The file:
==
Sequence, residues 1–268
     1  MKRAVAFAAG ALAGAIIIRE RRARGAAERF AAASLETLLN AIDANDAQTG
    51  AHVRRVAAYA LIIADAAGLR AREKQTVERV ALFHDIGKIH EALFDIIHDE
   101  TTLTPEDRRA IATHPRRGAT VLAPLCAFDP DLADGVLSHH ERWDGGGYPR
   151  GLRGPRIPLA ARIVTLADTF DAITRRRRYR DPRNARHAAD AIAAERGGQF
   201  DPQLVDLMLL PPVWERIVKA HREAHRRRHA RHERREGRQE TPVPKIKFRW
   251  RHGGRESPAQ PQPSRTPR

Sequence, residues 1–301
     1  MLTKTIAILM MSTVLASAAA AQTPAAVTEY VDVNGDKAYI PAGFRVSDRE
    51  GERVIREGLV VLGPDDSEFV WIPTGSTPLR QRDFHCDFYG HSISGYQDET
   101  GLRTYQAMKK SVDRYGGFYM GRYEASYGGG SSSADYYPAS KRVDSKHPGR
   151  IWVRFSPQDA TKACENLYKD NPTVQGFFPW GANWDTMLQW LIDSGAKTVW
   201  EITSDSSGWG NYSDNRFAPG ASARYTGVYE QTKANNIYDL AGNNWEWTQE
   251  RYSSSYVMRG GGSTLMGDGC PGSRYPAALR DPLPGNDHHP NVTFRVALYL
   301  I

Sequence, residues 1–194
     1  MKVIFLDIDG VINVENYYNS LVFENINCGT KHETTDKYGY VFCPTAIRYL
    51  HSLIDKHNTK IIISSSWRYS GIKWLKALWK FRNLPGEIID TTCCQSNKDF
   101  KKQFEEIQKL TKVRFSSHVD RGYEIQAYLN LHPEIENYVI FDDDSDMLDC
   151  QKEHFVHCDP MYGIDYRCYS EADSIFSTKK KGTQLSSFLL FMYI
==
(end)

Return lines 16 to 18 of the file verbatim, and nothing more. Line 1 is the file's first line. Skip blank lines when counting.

Sequence, residues 1–194
     1  MKVIFLDIDG VINVENYYNS LVFENINCGT KHETTDKYGY VFCPTAIRYL
    51  HSLIDKHNTK IIISSSWRYS GIKWLKALWK FRNLPGEIID TTCCQSNKDF